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MLB Arizona Diamondbacks

Will Arizona Diamondbacks Have a Platoon at Third Base in 2013?

Jake Roth-USA TODAY Sports

Most Major League Baseball teams do not like to platoon a position unless they have to, but it certainly has its advantages. The Arizona Diamondbacks are one of the rare teams that appear eager to platoon in certain areas and third base seems to be one of them.

Martin Prado has spent all seven of his Major League years with the Atlanta Braves, but after a trade sent him to the desert this past off-season, he appears eager to make a difference with his new team. The Diamondbacks signed Prado to a four-year, $40 million extension in the hopes of him being an asset on the team for the next few seasons. Prado is expected to be the starter at third base in 2013, but Eric Chavez could have a say in that.

The 29-year-old Prado has been competing against Chavez for the Opening Day job this spring, with these two likely to be the platoon if Arizona decides to go that route. Prado batted .301 with 10 home runs, 70 RBI, 42 doubles, six triples and 17 stolen bases in 617 at-bats in 2012. The right-handed batter’s .323/.384/.479 line with two homers, 20 RBI, 22 doubles and three triples against left-handed pitchers last season is definitely the best among all players contending for a role at third base.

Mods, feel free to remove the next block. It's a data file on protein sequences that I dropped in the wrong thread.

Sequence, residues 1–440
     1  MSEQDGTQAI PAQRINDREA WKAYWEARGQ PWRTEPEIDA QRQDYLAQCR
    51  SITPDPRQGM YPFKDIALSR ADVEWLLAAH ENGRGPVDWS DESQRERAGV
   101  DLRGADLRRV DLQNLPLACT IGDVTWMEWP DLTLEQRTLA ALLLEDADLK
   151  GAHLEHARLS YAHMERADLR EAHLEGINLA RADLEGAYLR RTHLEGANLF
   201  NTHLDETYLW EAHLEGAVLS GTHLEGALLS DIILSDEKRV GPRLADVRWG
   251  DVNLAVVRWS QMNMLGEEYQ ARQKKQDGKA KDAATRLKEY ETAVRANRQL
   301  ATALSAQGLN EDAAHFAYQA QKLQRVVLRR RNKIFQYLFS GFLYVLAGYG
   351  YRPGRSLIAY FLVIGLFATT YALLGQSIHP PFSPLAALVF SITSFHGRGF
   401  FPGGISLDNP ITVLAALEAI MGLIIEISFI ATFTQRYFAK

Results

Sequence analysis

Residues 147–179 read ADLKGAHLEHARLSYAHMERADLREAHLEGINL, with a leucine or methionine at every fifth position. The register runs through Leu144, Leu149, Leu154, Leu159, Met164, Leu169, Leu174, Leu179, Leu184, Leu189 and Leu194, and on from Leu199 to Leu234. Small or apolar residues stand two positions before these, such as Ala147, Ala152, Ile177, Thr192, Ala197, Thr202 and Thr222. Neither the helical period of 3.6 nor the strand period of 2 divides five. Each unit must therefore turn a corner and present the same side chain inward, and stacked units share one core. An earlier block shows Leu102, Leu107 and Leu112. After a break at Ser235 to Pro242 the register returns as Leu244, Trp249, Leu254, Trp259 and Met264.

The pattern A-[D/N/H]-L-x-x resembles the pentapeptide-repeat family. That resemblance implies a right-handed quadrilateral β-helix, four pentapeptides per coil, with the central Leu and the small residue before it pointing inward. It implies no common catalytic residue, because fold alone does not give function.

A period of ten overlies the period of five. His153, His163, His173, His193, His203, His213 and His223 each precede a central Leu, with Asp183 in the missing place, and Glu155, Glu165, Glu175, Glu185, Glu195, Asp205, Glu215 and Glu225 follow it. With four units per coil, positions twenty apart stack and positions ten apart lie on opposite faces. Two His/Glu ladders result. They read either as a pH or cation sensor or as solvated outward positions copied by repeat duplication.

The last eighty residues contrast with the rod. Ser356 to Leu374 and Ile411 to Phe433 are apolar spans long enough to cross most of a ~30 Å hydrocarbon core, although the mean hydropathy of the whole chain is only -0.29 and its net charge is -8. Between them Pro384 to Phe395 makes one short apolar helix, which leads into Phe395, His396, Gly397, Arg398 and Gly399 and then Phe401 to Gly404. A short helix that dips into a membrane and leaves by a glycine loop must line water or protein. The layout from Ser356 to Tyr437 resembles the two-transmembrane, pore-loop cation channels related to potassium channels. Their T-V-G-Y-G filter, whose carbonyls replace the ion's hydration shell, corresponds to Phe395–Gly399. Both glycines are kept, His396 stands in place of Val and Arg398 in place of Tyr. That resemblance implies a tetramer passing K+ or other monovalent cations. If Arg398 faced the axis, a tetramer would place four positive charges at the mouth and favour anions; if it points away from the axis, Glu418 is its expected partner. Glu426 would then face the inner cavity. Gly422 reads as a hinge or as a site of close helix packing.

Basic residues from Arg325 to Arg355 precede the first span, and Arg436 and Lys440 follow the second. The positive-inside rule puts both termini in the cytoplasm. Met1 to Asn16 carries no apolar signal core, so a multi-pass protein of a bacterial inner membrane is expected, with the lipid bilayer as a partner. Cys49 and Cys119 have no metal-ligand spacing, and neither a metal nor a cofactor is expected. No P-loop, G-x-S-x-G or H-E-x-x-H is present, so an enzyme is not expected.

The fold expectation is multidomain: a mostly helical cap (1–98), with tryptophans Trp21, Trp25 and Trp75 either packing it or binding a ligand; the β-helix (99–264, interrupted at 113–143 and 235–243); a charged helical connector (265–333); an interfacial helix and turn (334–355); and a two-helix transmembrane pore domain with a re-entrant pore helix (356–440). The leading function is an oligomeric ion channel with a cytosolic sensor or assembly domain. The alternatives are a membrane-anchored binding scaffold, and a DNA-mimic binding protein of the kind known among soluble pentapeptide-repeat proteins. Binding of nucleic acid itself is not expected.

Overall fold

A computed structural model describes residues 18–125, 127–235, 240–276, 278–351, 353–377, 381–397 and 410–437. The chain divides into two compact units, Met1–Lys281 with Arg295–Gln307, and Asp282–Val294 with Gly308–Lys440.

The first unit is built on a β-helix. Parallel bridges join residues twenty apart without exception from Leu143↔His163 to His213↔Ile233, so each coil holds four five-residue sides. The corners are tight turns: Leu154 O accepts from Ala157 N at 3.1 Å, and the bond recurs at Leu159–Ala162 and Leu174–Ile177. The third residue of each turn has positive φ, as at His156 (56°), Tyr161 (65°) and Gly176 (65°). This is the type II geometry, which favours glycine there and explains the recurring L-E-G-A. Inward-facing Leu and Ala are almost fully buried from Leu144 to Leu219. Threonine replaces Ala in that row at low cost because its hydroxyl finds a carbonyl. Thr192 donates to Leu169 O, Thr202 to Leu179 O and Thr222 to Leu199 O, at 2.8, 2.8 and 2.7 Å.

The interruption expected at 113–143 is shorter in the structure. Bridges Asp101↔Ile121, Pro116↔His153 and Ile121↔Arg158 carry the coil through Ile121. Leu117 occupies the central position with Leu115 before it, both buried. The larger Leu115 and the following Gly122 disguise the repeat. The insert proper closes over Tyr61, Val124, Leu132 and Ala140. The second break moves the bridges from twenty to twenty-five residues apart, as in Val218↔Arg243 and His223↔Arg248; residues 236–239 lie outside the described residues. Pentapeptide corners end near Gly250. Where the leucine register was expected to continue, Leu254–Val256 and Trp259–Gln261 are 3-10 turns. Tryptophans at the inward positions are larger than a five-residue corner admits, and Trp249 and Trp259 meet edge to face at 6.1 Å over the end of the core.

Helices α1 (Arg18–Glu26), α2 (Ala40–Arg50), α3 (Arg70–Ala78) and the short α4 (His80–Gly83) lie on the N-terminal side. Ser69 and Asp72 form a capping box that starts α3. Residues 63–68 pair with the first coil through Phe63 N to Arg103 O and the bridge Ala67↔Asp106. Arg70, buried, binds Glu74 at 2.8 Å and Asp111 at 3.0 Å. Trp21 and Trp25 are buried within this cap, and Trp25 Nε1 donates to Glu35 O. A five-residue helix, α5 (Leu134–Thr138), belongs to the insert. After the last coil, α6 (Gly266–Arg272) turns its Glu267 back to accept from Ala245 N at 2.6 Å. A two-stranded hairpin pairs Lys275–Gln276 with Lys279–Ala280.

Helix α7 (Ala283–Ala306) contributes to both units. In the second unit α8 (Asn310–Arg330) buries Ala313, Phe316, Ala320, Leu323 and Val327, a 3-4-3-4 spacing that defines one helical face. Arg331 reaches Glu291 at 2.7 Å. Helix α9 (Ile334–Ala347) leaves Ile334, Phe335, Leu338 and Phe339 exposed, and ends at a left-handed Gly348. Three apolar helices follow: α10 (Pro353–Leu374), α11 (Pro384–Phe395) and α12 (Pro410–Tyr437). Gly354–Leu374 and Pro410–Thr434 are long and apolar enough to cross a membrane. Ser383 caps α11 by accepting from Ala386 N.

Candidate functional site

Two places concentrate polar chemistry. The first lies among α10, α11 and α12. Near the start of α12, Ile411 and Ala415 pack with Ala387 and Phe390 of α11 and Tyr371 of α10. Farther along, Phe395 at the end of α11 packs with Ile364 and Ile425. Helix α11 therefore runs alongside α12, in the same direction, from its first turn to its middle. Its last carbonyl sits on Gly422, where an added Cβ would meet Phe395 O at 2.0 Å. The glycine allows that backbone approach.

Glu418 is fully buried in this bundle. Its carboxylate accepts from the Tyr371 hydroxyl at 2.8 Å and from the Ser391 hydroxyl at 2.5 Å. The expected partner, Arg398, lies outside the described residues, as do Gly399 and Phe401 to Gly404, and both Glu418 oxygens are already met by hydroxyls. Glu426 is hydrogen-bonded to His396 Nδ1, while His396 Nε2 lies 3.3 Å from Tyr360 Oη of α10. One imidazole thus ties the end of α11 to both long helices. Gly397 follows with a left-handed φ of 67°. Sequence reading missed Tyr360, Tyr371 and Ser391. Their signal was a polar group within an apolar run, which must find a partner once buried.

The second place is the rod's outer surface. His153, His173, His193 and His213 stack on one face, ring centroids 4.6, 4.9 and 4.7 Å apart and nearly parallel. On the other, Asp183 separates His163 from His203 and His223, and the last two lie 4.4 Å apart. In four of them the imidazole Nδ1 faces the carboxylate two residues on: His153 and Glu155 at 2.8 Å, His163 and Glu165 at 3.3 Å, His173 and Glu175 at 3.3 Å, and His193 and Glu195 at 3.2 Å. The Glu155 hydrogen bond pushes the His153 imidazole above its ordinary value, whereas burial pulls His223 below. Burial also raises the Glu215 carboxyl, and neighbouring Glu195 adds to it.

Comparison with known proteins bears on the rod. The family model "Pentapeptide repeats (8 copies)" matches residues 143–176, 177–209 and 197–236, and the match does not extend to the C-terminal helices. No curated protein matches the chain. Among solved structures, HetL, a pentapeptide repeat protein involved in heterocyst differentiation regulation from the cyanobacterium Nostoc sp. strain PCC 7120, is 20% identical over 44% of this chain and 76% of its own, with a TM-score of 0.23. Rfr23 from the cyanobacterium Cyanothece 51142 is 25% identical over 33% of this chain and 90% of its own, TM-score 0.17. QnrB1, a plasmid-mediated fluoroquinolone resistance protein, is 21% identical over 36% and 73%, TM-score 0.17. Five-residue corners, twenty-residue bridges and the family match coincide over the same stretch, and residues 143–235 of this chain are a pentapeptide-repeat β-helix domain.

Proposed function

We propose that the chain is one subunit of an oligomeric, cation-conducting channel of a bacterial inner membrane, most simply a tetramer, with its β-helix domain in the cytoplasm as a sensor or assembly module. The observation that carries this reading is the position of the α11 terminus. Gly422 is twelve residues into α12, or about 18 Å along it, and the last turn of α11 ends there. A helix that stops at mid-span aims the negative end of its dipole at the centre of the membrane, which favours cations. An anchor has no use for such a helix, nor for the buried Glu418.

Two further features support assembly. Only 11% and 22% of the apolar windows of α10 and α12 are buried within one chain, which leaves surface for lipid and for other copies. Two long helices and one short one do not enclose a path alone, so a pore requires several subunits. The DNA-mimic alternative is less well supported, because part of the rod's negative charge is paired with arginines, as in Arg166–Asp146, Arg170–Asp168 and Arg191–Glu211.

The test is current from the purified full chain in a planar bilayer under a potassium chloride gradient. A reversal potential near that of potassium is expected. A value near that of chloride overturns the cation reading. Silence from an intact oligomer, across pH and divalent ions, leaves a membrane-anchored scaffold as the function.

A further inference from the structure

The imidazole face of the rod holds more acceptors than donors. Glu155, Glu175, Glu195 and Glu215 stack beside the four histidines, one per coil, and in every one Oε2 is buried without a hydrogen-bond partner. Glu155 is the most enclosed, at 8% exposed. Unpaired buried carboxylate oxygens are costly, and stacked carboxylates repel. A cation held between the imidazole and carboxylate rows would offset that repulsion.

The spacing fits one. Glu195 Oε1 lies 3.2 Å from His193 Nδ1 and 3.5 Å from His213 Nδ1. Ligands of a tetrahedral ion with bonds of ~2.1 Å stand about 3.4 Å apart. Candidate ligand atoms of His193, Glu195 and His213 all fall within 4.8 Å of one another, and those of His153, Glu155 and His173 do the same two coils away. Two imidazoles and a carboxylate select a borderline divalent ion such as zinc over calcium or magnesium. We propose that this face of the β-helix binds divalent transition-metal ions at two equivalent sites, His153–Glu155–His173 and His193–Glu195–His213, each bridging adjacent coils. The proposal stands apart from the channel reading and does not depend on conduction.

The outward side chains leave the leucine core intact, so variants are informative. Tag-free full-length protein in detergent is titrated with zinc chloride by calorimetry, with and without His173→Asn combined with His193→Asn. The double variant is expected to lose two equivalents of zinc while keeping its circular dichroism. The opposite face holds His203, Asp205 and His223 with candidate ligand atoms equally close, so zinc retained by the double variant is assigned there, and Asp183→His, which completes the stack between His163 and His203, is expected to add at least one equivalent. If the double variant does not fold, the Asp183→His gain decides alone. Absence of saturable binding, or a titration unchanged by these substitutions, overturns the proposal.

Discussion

Meanwhile, Chavez is better suited against right-handed pitchers and has had the most success in that situation among all Diamondback candidates. The 15-year veteran has a career line of .280/.358/.511 when it comes to facing right-handers, which is impressive considering the sample size. Last season with the New York Yankees in the competitive American League East, the 35-year-old had a .298/.365/.543 line with 16 home runs, 34 RBI and 12 doubles in 245 at-bats against righties.

It is quite clear that Arizona has a surplus at the third base position with four players technically trying out for the role. However, Prado and Chavez have proven in the past that they are exceptional when it comes to facing specific counterparts, which means it would be a wise move for the organization to give the platoon a shot.

Chavez may be the better defensive third baseman, especially since he has a .969 fielding percentage in almost 8,000 total chances at the position, but Prado is good enough in which the Diamondbacks would not feel that they were losing something without Chavez in the lineup.